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Consumers no longer think voice assistants are mediocre

Adobe's latest report shows consumer sentiment about Alexa, Siri and others is much more positive.

Ben Fox Rubin Former senior reporter
Ben Fox Rubin was a senior reporter for CNET News in Manhattan, reporting on Amazon, e-commerce and mobile payments. He previously worked as a reporter for The Wall Street Journal and got his start at newspapers in New York, Connecticut and Massachusetts.
Ben Fox Rubin
3 min read

Amazon's Alexa booth at CES

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It's been a rough start for voice assistants. Not too long ago, Apple's Siri and Amazon's Alexa were buggy and didn't know the answer to plenty of obvious questions.

While those problems still exist, consumers have found these digital helpers work much better than they did before. Now, 54 percent of US consumers say voice assistants work well. Forty-one percent said they work OK and just 5 percent said they work poorly. The results come from a late January survey of over 1,000 US adults by Adobe .

The results, published Tuesday, are a substantial jump forward from Adobe's mid-2017 voice survey. It found that just 37 percent of customers thought voice assistants worked "very well" or good," 26 percent said they were "OK," and 37 percent described them as "not good" or "terrible."

The shift in consumer sentiment should help sales of smart speakers and connected home devices, which have already been seeing positive growth. Amazon, for example, said its Echo Dot smart speaker was its best selling product globally this past holiday season. The change should also give Amazon, Google and others some vindication that their huge investments to boost the capabilities of their assistants are paying off.

In its new report, Adobe said 36 of Americans now own a smart speaker, up from 28 percent a year ago. In all, 75 percent of those smart speaker owners say they use the devices at least once a day, showing that the gadgets aren't just sitting quietly on a shelf or unplugged in a junk drawer.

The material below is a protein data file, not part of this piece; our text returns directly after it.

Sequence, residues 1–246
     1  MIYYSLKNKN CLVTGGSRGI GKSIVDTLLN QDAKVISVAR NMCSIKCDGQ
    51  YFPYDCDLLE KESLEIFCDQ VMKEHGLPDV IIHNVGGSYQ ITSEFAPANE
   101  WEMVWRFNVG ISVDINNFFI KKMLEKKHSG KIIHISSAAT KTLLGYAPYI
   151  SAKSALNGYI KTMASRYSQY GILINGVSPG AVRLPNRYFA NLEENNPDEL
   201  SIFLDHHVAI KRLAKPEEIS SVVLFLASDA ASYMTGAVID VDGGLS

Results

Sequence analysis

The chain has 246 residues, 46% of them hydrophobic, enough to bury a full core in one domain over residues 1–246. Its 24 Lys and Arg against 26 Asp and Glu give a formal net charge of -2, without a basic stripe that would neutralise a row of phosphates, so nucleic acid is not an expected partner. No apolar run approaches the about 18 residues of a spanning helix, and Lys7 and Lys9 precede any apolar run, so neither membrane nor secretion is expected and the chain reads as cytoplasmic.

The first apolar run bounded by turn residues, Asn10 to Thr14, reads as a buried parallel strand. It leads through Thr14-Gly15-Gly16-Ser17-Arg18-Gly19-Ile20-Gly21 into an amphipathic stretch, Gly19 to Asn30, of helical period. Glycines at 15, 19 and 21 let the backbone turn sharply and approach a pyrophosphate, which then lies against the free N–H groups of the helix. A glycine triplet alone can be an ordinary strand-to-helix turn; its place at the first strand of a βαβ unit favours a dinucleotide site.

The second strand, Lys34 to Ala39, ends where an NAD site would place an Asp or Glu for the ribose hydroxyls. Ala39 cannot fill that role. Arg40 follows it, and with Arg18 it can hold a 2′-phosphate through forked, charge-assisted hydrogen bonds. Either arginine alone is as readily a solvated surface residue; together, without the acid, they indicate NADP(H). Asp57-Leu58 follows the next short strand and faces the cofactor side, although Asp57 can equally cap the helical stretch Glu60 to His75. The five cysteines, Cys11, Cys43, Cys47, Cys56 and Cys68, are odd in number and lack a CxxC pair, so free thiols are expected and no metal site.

"It just shows people are really familiar and comfortable having voice assistants in everyday life now," said Adobe spokesman Kevin Fu.

What caused the change in sentiment? For one thing, voice assistants have improved, thanks to heavy investments from major tech companies. The assistants have added thousands of new apps and now work with thousands more devices, making them more useful for customers. Google in January introduced an interpreter mode for its Assistant to help two people who speak different languages converse. Amazon spent time last year adding its Echo devices into hotels and integrated Alexa into more cars. Amazon in November said it now has over 10,000 employees working on Alexa, helping it put a lot of energy into improving its voice ecosystem.

"AI and natural language processing has come a long way, removing a major friction point for adoption," Colin Morris, a director for Adobe Analytics, said in a statement.

Another potential reason for the shift in sentiment may be that voice assistants aren't so new anymore, so consumers now know better to focus on these devices' strengths and avoid their weaknesses.

As part of the new study, Adobe said the most popular place for a smart speaker in the home is the living room, with 64 percent of respondents putting a device there. That was followed by the bedroom (46 percent), kitchen (32 percent), bathroom (6 percent) and outside (2 percent).

The most popular device to access a voice assistant is the phone, followed by a smart speaker, then car.

The most typical activity to use a smart speaker continues to be playing music (74 percent), followed by checking the weather (66 percent) and asking fun questions (58 percent). A handful of emerging uses for voice assistants -- like shopping, playing games and managing finances -- saw a dip from Adobe's August report. Fu attributed that change to a slew of new smart speaker owners buying the devices during the holidays.

"With more first-time users, you would expect this. It's not until later that they start to discover that there's more you can do," Fu said. "That's a symptom of the base growing."